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reticule

[ret-i-kyool] /ˈrɛt ɪˌkyul/
noun
1.
a small purse or bag, originally of network but later of silk, rayon, etc.
2.
Optics. reticle.
Origin of reticule
1720-1730
1720-30; < French réticule < Latin rēticulum reticle
Dictionary.com Unabridged
Based on the Random House Dictionary, © Random House, Inc. 2017.
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Examples from the Web for reticule
Historical Examples
  • She had been hunting through her reticule and now put down the money in gold.

  • On the landing she drew out of her reticule a heavy iron key.

    The Gods are Athirst Anatole France
  • (Takes locket from reticule) This little locket is what brought me to America.

    The Ghost Breaker Paul Dickey
  • She opened her reticule and showed a pretty ivory-handled pistol.

  • Mrs. Wagge unexpectedly took a handkerchief from her reticule.

    Beyond John Galsworthy
  • She was rummaging in a reticule and in her pocket, etc. "Oh, Mr. Jeff!"

  • She took a check-book and pen and ink from her reticule, and filled up a check.

  • She still did not take out what she was holding in her reticule.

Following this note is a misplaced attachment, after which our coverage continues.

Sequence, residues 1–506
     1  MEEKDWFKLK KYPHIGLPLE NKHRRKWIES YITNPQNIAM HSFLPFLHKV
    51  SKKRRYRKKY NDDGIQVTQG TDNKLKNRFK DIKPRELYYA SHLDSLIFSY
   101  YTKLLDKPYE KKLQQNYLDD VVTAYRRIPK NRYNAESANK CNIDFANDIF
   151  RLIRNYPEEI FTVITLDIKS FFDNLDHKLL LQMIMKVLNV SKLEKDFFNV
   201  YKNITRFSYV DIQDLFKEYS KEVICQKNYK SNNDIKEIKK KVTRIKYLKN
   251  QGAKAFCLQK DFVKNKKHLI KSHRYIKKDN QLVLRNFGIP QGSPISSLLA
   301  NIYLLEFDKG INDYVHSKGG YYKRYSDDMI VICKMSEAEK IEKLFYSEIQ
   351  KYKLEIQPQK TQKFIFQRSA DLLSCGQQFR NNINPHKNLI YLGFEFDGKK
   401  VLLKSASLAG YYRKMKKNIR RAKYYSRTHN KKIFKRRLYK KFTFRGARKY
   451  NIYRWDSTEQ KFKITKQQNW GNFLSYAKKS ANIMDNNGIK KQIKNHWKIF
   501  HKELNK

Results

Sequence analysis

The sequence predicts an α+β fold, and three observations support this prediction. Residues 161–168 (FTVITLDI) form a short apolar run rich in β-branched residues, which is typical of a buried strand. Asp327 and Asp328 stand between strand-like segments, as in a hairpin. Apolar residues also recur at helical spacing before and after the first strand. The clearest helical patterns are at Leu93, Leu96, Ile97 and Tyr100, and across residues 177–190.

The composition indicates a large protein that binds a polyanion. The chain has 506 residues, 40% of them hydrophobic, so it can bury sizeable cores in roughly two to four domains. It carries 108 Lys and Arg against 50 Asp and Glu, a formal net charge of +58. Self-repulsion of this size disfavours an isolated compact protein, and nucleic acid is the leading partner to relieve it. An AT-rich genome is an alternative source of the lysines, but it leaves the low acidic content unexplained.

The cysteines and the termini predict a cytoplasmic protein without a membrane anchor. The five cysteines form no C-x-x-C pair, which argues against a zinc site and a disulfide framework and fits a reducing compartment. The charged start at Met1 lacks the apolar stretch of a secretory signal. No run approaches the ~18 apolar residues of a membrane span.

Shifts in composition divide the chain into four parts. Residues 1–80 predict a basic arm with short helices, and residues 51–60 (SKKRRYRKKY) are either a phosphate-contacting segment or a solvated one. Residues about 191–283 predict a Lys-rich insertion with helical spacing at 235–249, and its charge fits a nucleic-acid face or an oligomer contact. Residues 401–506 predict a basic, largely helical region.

War and Peace Leo Tolstoy
  • Having found what she was looking for in the reticule she handed it to Natasha.

    War and Peace Leo Tolstoy
  • Then I played cards with her and picked up her reticule and drove out with her.

    War and Peace Leo Tolstoy
British Dictionary definitions for reticule

reticule

/ˈrɛtɪˌkjuːl/
noun
1.
(in the 18th and 19th centuries) a woman's small bag or purse, usually in the form of a pouch with a drawstring and made of net, beading, brocade, etc
2.
a variant of reticle
Word Origin
C18: from French réticule, from Latin rēticulumreticle
Collins English Dictionary - Complete & Unabridged 2012 Digital Edition
© William Collins Sons & Co. Ltd. 1979, 1986 © HarperCollins
Publishers 1998, 2000, 2003, 2005, 2006, 2007, 2009, 2012
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Word Origin and History for reticule
n.

"a ladies' small bag," 1801, from French réticule (18c.) "a net for the hair, a reticule," from Latin reticulum "a little net, network bag" (see reticulate (adj.)).

Online Etymology Dictionary, © 2010 Douglas Harper
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10
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